Emerging from an award-winning article in International Security, China's Gambit examines when, why, and how China attempts to coerce states over perceived threats to its national security. Since 1990, China has used coercion for territorial disputes and issues related to Taiwan and Tibet, yet China is curiously selective in the timing, target, and tools of coercion. This book offers a new and generalizable cost-balancing theory to explain states' coercion decisions. It demonstrates that China does not coerce frequently and uses military coercion less when it becomes stronger, resorting primarily to non-militarized tools. Leveraging rich empirical evidence, including primary Chinese documents and interviews with Chinese and foreign officials, this book explains how contemporary rising powers translate their power into influence and offers a new framework for explaining states' coercion decisions in an era of economic interdependence, particularly how contemporary global economic interdependence affects rising powers' foreign security policies.
Forthcoming with Cambridge University Press
Economic Interdependence and Rising Power Grand Strategies
Compared to historical rising powers, China does not use force as often as historical rising powers, prefers to utilize coercion instead of force, and tends to resort to nonmilitarized coercive tools. China exhibits a curious pattern of using nonmilitarized means to achieve its grand strategic ends. What explains China’s divergent path compared to historical rising powers such as the early American Republic, Germany under Bismarck, and Meiji Japan? Specifically, what is the impact of global economic interdependence on rising powers’ grand strategies? Do current global production and supply chains provide different incentives to contemporary rising powers’ grand strategies?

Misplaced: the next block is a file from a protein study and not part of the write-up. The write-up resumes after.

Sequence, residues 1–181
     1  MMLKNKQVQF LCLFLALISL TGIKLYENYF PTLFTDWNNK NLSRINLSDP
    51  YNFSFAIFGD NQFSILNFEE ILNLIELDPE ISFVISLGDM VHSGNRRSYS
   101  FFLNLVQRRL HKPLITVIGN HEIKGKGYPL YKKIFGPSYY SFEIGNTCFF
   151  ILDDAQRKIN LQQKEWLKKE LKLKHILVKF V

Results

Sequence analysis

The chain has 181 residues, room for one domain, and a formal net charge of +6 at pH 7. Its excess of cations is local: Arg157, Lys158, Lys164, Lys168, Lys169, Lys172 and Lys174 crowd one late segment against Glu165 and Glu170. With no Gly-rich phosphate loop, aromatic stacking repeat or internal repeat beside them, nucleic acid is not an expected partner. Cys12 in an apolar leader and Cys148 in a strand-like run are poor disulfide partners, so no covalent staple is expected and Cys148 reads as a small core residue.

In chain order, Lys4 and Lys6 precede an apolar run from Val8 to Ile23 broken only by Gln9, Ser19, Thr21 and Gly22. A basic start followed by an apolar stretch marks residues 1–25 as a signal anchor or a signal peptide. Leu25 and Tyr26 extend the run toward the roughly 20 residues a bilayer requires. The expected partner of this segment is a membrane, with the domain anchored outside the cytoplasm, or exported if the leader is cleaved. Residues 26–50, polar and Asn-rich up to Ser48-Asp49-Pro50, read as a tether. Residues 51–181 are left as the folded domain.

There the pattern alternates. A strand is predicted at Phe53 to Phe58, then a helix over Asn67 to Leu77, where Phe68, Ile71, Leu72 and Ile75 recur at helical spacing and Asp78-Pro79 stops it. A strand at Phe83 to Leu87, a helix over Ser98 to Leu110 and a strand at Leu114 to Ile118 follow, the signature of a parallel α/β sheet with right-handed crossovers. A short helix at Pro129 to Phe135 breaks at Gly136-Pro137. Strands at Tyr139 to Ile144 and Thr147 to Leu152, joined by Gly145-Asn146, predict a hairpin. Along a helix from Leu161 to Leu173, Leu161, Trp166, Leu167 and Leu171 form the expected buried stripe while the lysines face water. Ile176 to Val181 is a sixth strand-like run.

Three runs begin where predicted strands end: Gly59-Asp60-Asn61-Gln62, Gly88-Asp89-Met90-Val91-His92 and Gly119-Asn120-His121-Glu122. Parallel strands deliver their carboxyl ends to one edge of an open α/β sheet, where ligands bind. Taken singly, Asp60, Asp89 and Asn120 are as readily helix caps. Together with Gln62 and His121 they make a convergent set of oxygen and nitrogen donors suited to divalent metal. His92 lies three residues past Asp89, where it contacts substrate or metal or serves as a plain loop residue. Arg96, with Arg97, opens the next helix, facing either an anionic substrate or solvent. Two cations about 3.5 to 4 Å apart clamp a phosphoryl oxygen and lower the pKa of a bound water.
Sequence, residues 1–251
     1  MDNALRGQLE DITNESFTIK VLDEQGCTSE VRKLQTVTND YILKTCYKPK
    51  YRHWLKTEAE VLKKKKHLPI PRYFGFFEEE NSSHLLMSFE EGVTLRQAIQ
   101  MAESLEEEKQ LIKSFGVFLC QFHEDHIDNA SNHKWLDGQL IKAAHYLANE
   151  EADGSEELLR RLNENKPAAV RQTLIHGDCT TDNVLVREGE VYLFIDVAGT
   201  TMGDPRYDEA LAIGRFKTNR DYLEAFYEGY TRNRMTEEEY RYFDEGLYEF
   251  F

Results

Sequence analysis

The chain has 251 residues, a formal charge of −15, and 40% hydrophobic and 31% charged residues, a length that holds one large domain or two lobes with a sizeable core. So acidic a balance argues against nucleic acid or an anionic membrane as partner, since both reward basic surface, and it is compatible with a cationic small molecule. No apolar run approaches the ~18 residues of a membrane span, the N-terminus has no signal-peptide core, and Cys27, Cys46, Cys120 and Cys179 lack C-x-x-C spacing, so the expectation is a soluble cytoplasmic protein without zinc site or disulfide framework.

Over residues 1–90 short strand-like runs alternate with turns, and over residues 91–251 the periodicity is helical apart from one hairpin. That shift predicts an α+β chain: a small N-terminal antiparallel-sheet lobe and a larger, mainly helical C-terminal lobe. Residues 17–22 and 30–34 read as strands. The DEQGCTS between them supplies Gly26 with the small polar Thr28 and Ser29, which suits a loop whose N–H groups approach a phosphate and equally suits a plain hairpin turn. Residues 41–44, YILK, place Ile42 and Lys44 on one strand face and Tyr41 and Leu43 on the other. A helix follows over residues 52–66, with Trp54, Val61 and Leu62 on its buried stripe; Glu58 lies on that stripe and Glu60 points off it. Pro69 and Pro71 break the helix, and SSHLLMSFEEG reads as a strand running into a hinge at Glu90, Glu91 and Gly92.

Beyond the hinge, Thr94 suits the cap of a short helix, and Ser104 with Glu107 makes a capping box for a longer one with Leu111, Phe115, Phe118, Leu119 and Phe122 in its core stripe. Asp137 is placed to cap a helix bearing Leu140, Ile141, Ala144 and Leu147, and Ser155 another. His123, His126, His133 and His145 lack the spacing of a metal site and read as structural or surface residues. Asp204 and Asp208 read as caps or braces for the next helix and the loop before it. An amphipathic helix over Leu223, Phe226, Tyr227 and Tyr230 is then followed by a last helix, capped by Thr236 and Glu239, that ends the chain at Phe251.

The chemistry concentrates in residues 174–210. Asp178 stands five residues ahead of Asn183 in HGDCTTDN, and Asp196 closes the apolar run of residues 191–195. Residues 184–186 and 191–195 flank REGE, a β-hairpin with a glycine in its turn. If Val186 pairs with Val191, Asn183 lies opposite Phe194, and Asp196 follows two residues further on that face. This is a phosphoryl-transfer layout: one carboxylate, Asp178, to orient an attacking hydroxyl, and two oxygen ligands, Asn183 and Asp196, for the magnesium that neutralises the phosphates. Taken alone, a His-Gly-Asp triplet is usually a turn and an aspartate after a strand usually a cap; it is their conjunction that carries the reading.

This second book project defines grand strategy as utilizing available resources, including diplomatic, economic, and military means to achieve the end goals as laid out by the state. The literature on grand strategy tends to be siloed: there is a rich literature explaining and evaluating China’s grand strategy as well as extensive literature on the grand strategy of the United States and historical great powers, but rarely do they interact. There is also a rich literature on economic interdependence centering on the debate of whether the “commercial peace” proposition holds for a rising China. Therefore, this book intends to apply theories in international political economy to examine rising powers’ grand strategic choices, comparing China’s grand strategy against historical rising powers’ grand strategies. It plans to employ qualitative methods such as process tracing and congruence testing, leveraging rich empirical evidence, including primary Chinese documents and interviews with Chinese and foreign officials, as well as historiographies, economic data, and archival documents on historical rising powers.